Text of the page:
For us, it was a degradation of the performance from a single Cassandra node. For your business, it could be a CDN introducing unusually high latency, causing web page load times to rise, becoming unbearable for your visitors as they click away and fall into someone else’s funnel.

Anodot’s outlier detection compares aspects that are supposed to behave similarly and identifies the ones that are behaving differently: a single data point which is unexpectedly different from the previous ones, or a metric from a particular aspect which deviates from that same metric from other identical aspects.

Context requires intelligent data monitoring

Anomalous data points are classified in the context of all the data points which came before. The significance of detected anomalies is then quantified in the context of their magnitude and persistence. Finally, concise reporting of those detected significant anomalies is informed by the context of other anomalies in related metrics. Context requires understanding… understanding gleaned from learning. Machine learning, that is. Even though there are several tests for outliers which don’t involve machine learning, they almost always assume a standard Gaussian distribution (the iconic bell curve), which real data often doesn’t exhibit.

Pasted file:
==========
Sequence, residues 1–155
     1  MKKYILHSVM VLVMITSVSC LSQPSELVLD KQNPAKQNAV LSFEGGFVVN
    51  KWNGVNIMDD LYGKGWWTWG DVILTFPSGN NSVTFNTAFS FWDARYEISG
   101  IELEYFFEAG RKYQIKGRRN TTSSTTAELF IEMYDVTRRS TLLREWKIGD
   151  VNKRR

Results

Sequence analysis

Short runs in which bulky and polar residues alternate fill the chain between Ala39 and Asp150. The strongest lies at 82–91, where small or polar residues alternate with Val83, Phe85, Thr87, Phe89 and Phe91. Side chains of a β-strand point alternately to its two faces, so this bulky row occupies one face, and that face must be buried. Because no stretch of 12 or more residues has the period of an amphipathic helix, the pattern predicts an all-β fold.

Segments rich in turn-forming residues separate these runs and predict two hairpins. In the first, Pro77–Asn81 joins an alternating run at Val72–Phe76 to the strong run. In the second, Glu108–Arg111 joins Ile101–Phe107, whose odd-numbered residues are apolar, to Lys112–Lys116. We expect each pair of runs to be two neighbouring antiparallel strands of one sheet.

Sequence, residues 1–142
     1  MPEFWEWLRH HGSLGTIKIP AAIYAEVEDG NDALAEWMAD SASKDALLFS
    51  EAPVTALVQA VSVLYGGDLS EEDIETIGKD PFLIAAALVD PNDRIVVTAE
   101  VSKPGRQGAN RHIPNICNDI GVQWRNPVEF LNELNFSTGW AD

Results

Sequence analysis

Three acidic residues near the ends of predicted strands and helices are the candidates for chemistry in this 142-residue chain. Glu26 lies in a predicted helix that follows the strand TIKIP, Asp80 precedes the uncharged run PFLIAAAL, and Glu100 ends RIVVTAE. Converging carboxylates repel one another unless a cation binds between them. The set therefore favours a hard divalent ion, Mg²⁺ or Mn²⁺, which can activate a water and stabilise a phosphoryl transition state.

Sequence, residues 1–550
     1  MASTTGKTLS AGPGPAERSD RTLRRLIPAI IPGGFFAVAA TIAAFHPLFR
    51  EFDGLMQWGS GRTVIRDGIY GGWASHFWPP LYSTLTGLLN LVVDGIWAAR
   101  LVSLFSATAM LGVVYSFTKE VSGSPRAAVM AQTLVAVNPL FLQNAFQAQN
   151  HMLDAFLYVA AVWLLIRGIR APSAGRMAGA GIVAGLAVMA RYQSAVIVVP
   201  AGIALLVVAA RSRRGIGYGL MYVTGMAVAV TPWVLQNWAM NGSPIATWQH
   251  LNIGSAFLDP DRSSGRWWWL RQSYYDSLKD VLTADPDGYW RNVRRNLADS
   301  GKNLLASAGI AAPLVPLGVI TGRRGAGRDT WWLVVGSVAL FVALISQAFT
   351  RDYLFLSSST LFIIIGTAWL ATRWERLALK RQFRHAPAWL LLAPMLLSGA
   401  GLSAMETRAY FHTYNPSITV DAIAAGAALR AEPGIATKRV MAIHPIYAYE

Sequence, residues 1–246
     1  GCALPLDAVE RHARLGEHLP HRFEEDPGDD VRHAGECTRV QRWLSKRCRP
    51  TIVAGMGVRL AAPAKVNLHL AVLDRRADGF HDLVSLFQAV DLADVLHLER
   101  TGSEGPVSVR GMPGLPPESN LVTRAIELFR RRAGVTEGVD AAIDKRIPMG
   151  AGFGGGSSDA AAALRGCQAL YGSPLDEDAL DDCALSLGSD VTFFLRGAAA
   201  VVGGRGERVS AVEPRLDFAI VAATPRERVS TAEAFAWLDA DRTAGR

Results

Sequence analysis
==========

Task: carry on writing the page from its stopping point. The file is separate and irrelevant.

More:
But there’s another kind of latency which outlier detection can remove: business latency. One example of business latency is the lag between a problem’s occurrence and its discovery. Another is the time delay between the discovery of the problem and when an organization possesses the actionable insights to quickly fix it. Anodot’s outlier detection system can remove both: the former by accurate real-time anomaly detection, the latter by concise reporting of related anomalies. Solving the problem of business latency is a priority for all companies in the era of big data, and it’s a much harder problem to solve with traditional business intelligence (BI) tools.

Traditional BI: high latency, less results

Traditional BI is not designed for real time big data, but rather for analyzing historical data. In addition, they simply visualize the given data, rather than surface issues that need to be considered. Therefore, analysts cannot rely on BI solutions to find what they are looking for, as they first must understand what they need to find. Using traditional BI, analysts may identify issues late, if at all, which leads to loss of revenue, quality, and efficiency. Speed is what’s needed – that one essential component for successful BI alerts and investigations.

And that speed can make your business an outlier – way above your competition.

Written by Ira Cohen

Ira Cohen is not only a co-founder but Anodot's chief data scientist, and has developed the company's patented real-time multivariate anomaly detection algorithms that oversee millions of time series signals. He holds a PhD in machine learning from the University of Illinois at Urbana-Champaign and has more than 12 years of industry experience.